The James Beard Foundation, along with the International Culinary Center, is leading the conception and buildout of USA Pavilion, whose theme will be American Food 2.0. More on all of that... Read more >

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America Cooks with Chefs: Episode Three


After stops in Chicago and Miami, America Cooks with Chefs is hopping over to the West Coast for its third installment. In this seven-episode cooking competition, contestants will go behind the scenes at a James Beard Award–winning chef’s restaurant to learn tips, tricks, and advice for cooking more nutritious meals. The participants will then attend the 2015 Clinton Health Matters Initiative (CHMI) conference in California, where they will demonstrate their new skills in a live cooking challenge judged by a panel of celebrities.


Episode three stars Jordan Kennedy, of Arlington, Virginia. Jordan struggles with her weight and wants guidance on how to balance her health with her love of eating at nice restaurants. Having lost 30 pounds, but only to gain it back, Jordan is dete... Read more >

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What We're Reading: January 6, 2015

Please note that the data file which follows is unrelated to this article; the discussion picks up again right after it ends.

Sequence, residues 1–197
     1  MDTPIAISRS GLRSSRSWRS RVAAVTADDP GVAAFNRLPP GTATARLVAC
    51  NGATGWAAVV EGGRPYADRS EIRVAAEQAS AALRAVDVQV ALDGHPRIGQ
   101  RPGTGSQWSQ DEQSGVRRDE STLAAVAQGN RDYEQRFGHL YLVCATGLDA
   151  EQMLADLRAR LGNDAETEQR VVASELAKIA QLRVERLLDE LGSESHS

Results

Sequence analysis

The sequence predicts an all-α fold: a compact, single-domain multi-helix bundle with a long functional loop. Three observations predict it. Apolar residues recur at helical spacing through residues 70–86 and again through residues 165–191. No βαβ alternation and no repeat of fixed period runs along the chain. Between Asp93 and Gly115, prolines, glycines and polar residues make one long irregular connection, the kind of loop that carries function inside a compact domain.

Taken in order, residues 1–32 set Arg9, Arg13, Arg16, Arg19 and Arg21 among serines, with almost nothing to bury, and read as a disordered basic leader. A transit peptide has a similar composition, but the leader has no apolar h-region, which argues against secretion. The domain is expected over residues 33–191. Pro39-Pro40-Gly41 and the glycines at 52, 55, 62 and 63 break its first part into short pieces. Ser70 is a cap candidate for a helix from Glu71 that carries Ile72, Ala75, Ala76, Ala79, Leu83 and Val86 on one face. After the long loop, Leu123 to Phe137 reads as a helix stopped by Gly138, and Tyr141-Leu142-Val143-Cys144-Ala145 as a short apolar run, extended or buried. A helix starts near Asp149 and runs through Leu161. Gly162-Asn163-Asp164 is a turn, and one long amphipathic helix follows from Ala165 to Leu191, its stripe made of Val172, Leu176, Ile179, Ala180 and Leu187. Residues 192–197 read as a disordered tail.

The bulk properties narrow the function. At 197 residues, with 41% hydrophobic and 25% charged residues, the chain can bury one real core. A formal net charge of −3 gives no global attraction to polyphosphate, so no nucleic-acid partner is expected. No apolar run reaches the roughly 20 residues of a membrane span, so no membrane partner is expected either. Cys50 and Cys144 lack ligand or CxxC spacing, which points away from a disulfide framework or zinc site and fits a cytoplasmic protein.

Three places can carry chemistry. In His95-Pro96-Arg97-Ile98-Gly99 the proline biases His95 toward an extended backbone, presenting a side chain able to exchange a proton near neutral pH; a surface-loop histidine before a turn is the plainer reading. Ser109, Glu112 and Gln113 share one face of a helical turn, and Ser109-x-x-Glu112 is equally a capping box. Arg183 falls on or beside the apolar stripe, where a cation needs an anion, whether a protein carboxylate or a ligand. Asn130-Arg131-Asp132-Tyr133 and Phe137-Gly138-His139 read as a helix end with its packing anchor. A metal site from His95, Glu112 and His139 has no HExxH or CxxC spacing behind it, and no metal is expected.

A new fuel for Oil Country: Texas breaks into the olive oil business. [Bloomberg


As the popularity of dogs as pets rises in Vietnam, cooks are increasingly turning to “imitation dog” dishes. [The Atlantic


The Hudson Valley Farm Hub aims to reinvigorate mid-size farming. [Civil Eats


What does the man behind the world’s best restaurant do after it closes? A glimpse into Ferran Adria’s future. [NYT] ... Read more >

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Our Favorite Beard House Dishes in December

Chefs at the James Beard House



Looking back on our final Beard House meals of 2014, a trend emerges: surprising details in otherwise familiar dishes. Below, our editors' picks for December's standouts.




Chicken Wings, Feet, and Cockscombs at the James Beard House


Chicken Wings, Feet, and Cockscombs / Mediterranean Winter Feast


I have never seen so much care given to a chicken foot. Beard Award winner Jimmy Bannos, Jr. saves these oft-discarded extremities to accessorize his excellent, sous-vide wings. The method for cooking them is something of a grim spa treatment: clip the talon-like nails, make a few incision... Read more >